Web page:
Between the Lines

Wild-deors and Other Creatures

Jan 28, 2008
Outside Magazine

Originally published in Outside's (then, Mariah) October/November 1978 issue

One argument that never fails to get Mariah's hackles up is the definition of what constitutes a wilderness. Somehow, the public, the media, and a startling number of legislators who ought to know better can't see the forest through the trees—which, by the way, is exactly the problem: People have a notion that a wilderness has to have trees, preferably lush, green pines.

For the record, let's look at the various definitions that exist. Webster's New World Dictionary defines wilderness as "an uncultivated, uninhibited region...any barren, empty, or open area, as of ocean." The same dictionary defines a "wilderness area" as "an area of public land, as of virgin forest, preserved in its natural state." There it is again: the virgin forest syndrome.

Mariah shares the definition of wilderness put forth by conservationist (and semanticist) Howard Zahniser, who wrote the Wilderness Act. A wilderness, according to the Act, is "an area where the earth and its community of life are untrammeled by man, where man himself is a visitor who does not remain." By that definition, Mariah believes that mountains, glaciers, deserts, oceans, lakes, rivers, and even the air can be properly called wilderness.

Unfortunately, the greentree philosophy has taken root in a society that defines wilderness in increasingly narrow terms. Advertising, particularly for beer, has focused our notion of wilderness as a sort of North Woods paradise. ("The Land of Sky Blue Waters" has given way to the Hamm's man and his fun-loving bear.)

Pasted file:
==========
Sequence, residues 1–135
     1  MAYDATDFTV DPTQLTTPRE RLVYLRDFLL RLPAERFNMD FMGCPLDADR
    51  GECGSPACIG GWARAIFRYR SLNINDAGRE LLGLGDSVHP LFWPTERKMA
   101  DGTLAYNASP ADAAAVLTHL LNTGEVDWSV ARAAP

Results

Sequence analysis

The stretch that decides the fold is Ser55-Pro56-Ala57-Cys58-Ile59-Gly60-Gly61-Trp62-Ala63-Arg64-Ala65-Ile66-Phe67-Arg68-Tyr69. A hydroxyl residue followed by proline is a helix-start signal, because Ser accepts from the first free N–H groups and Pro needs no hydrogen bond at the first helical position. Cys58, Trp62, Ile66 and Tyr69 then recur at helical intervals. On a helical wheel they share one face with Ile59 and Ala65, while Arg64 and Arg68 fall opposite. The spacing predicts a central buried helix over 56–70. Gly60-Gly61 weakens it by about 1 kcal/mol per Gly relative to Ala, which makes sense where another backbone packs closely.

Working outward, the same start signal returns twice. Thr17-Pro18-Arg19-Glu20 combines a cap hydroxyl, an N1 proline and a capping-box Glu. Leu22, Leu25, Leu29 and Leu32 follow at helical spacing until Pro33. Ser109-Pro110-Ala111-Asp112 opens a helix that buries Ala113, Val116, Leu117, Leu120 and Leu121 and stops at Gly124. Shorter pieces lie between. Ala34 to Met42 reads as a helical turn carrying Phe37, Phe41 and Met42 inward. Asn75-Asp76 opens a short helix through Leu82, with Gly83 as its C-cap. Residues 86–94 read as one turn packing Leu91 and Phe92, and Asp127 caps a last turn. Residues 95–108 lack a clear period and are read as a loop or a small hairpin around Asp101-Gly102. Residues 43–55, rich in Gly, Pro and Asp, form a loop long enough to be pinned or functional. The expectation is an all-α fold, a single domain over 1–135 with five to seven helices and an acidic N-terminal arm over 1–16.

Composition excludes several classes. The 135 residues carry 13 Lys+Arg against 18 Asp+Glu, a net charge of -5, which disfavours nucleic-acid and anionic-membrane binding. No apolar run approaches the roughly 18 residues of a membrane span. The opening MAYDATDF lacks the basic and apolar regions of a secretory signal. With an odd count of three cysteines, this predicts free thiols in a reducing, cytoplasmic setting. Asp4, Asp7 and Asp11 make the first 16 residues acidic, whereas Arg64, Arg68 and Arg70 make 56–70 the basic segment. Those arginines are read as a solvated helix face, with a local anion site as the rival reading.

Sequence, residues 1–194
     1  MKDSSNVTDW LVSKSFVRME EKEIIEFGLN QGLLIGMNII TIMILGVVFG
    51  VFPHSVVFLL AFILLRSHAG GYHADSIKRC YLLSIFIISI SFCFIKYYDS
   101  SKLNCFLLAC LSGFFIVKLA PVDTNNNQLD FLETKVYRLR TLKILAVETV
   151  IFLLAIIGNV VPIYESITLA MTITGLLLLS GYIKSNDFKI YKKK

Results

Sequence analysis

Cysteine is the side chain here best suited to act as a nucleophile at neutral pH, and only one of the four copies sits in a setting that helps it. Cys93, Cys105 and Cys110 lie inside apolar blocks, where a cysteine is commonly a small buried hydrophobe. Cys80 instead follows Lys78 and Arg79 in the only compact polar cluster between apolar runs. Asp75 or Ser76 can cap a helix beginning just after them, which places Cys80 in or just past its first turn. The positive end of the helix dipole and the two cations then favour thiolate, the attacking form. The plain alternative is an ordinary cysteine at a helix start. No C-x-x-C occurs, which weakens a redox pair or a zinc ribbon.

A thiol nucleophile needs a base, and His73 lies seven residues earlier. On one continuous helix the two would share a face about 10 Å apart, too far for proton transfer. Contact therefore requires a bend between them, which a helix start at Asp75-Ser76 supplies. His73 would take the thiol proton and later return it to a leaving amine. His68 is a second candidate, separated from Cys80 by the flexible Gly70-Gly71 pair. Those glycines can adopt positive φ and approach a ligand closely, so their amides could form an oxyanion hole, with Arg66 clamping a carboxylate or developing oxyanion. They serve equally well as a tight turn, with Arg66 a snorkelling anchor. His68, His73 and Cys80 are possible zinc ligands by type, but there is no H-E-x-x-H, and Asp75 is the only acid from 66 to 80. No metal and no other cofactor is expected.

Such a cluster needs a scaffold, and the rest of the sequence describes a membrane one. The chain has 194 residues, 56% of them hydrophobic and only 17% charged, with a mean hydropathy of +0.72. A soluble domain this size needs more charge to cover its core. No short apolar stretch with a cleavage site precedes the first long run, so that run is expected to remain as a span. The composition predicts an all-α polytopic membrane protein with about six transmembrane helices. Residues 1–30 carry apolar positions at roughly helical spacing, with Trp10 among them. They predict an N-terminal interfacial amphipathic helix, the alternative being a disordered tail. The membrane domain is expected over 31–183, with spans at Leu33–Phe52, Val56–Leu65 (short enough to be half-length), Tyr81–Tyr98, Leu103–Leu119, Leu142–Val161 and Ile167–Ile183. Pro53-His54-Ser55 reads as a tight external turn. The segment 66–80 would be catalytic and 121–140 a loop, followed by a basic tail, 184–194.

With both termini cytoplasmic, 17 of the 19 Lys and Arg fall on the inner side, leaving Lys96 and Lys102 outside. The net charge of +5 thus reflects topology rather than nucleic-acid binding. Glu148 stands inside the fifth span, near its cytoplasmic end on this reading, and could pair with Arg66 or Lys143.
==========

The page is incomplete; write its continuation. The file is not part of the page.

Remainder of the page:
Centuries ago, "wilderness" meant a distinctly different place. Satan, according to Saint Matthew, tempted Jesus Christ in the wilderness for 40 days and 40 nights. The Biblical wilderness was a hostile place, a testing place. The word wilderness itself began to evolve in the early Teutonic and Norse tongues. The word will, which we now know as wild, was used to convey the concept of being lost; deor meant beast; wild-deor were creatures-out-of-control. Thus, a wild-deor-ness came to mean a place populated by such creatures.

The more we learned about the wilderness, especially in this century, the narrower our definition became. As we chopped away at it, it became easier to classify wilderness into neat, identifiable packages. Our fear of the wilderness slowly gave way to belated admiration. The wilderness still tests us, but we no longer expect to find the devil there.

We may, however, find the next worse thing—the Bureau of Reclamation. BuRec (the accent's on wreck) has invaded a new wilderness—Aspen's Hunter Creek watershed. Not only has the federal dam-building bureaucracy torn up one of the West's most scenic streams, but it plans to divert all but a trickle of water under the Rocky Mountains to the thirsty voters of Pueblo, Colorado. This, despite the fact that the Hunter Creek Valley was officially recognized as "wilderness" earlier this year.

The lesson is clear. It is not enough to define wilderness. Packaging it in neat semantic bundles won't save it, even from the federal government. What will? Let's reclassify the BuRec and its bulldozing crews as wild-deors—creatures-out-of-control—and take appropriate legislative action to control their numbers and range.

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